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Coach-Stevo-Logo.pngPicture in your mind a regular exerciser: Someone who works out nearly every day, as easily as you and I brush our teeth in the morning. Now picture them working out. Where do you see them? In a gym? Try again! According to surveys conducted by the National Institutes of Health, that person is more than likely working out at home.

What’s a gym anyway? A building with a bunch of heavy things that charges you to get through the front door—there’s nothing magical in there. Working out at home can be just as, if not more, effective—especially for those of us with jam-packed days full of errands, commutes, jobs, and families. So with a few heavy things of your own and some simple strategies, you can start the habit of working out at home today.

Find a Program You’re Excited About The most common barriers to exercise are lack of time, motivation, and fear of doing it wrong. Since working out at home is going to help save time, finding a program written by a professional that you’re excited about will take care of those other two barriers. There are lots of books, DVDs, on demand TV workouts, and YouTube channels that will ease you into proper form, loads, and volume. Still, for those of you who find Internet searches daunting, I recommend “Coach Stevo’s Pick Up a Heavy Thing Every Day Program.” Here’s how it works…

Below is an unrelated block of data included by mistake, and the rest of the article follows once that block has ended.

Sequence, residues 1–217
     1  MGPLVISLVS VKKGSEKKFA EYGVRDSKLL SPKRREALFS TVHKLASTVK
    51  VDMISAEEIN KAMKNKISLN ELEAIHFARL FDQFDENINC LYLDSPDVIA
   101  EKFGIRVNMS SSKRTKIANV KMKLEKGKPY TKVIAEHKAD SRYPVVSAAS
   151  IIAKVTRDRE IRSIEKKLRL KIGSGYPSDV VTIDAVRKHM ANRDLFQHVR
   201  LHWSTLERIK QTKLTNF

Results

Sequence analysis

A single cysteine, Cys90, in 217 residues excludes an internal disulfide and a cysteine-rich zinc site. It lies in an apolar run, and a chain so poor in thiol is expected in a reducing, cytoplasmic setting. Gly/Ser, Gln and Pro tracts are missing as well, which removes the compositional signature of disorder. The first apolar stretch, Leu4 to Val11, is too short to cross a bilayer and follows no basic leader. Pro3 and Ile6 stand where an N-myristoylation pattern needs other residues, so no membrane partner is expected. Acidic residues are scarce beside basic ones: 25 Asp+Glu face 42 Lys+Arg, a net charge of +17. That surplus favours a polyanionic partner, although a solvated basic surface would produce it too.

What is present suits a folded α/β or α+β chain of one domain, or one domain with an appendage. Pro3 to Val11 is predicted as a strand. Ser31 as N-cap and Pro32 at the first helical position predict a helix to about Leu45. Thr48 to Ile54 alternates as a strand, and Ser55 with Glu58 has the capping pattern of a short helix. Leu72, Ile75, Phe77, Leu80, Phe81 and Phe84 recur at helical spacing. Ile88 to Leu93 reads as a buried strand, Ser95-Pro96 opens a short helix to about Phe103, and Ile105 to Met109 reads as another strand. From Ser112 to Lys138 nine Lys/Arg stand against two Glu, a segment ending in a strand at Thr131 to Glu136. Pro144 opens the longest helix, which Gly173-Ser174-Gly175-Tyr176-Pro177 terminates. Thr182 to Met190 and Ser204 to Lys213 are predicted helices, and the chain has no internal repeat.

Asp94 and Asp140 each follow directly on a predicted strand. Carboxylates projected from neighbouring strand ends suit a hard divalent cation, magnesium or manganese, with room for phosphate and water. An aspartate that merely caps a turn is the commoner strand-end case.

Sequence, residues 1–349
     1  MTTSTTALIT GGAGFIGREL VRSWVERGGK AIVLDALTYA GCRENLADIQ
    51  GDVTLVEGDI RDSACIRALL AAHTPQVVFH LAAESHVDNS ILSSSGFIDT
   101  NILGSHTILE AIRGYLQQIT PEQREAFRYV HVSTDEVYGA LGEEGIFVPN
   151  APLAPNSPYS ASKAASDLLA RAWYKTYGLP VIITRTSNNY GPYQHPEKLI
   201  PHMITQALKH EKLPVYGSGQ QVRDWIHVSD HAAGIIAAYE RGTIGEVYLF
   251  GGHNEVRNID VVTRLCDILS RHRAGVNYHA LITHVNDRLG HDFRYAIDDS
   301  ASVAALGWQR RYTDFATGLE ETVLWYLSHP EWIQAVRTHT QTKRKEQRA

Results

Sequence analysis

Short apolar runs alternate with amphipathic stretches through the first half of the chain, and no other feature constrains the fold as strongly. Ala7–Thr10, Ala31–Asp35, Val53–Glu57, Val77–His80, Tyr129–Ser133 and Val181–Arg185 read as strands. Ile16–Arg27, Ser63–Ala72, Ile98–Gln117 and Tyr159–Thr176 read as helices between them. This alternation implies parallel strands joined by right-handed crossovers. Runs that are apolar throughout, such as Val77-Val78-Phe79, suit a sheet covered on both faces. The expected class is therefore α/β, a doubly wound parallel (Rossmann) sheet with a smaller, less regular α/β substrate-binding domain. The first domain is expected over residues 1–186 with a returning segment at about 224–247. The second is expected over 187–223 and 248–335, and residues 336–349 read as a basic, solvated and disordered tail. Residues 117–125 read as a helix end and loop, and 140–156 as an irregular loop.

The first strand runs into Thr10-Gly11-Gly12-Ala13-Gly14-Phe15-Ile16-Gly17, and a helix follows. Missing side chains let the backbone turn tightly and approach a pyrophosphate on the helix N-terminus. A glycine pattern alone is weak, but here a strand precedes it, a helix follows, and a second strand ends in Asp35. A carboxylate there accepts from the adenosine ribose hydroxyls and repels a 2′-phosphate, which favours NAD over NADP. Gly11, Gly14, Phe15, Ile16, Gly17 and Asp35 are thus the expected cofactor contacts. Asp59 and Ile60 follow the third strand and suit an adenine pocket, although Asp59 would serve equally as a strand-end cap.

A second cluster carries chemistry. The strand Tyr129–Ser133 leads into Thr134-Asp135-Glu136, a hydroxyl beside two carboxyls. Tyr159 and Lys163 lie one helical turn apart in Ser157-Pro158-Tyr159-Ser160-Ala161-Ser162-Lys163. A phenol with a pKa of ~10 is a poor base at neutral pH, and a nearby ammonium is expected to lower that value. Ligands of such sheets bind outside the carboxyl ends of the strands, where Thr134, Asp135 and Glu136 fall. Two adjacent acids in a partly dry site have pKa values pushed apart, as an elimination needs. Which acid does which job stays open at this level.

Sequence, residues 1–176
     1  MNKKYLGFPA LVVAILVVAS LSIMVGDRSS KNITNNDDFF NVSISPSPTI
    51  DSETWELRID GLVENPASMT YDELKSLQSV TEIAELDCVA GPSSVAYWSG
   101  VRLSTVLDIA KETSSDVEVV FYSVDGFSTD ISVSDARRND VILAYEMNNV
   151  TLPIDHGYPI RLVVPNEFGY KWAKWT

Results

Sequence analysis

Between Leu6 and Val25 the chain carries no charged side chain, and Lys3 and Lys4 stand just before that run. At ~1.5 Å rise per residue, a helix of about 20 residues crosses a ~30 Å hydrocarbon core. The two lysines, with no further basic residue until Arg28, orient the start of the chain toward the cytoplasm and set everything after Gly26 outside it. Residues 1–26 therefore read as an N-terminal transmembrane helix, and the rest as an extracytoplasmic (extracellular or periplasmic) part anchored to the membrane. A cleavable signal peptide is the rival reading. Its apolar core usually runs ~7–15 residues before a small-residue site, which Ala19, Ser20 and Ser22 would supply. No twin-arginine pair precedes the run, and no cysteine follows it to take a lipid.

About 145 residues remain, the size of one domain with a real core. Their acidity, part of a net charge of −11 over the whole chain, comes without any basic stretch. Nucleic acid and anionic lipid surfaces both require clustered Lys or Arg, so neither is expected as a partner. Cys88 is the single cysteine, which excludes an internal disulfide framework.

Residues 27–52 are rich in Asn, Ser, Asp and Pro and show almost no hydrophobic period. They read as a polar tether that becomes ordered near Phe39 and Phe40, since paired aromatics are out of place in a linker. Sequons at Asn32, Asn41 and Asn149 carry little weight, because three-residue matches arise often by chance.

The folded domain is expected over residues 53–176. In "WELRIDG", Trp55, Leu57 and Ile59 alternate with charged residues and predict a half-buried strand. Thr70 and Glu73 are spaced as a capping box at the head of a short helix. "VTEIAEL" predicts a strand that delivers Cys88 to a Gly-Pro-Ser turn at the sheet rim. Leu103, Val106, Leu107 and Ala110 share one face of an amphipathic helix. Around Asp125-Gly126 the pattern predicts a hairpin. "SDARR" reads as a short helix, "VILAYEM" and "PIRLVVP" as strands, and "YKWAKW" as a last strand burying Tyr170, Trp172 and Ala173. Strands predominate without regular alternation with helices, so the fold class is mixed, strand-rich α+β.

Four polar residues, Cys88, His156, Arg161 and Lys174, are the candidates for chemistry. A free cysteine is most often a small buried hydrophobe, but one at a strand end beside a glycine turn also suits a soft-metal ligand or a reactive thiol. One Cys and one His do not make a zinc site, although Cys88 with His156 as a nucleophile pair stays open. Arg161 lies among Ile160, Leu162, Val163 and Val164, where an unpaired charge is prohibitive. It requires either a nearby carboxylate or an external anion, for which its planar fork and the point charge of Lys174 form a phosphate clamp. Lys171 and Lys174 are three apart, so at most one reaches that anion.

Get a Heavy Thing Whether it’s for an exercise DVD or “Coach Stevo’s Pick Up a Heavy Thing Every Day Program,” you’re going to need a heavy object. Any good program will have specific recommendations that you should follow, but for my program I’m not picky. If you think it’s heavy, it’ll do. If you think it’s too heavy, find something less heavy. Obvious examples would be kettlebells, barbells, and dumbbells.  More readily available examples (and these are things actually used by my clients) include dutch ovens, stacks of Bibles, sacks of dog food, potting soil, duffel bags filled with old shoes, and, my personal favorites, babies and dogs. (Hey, if they’re chubby, they count.)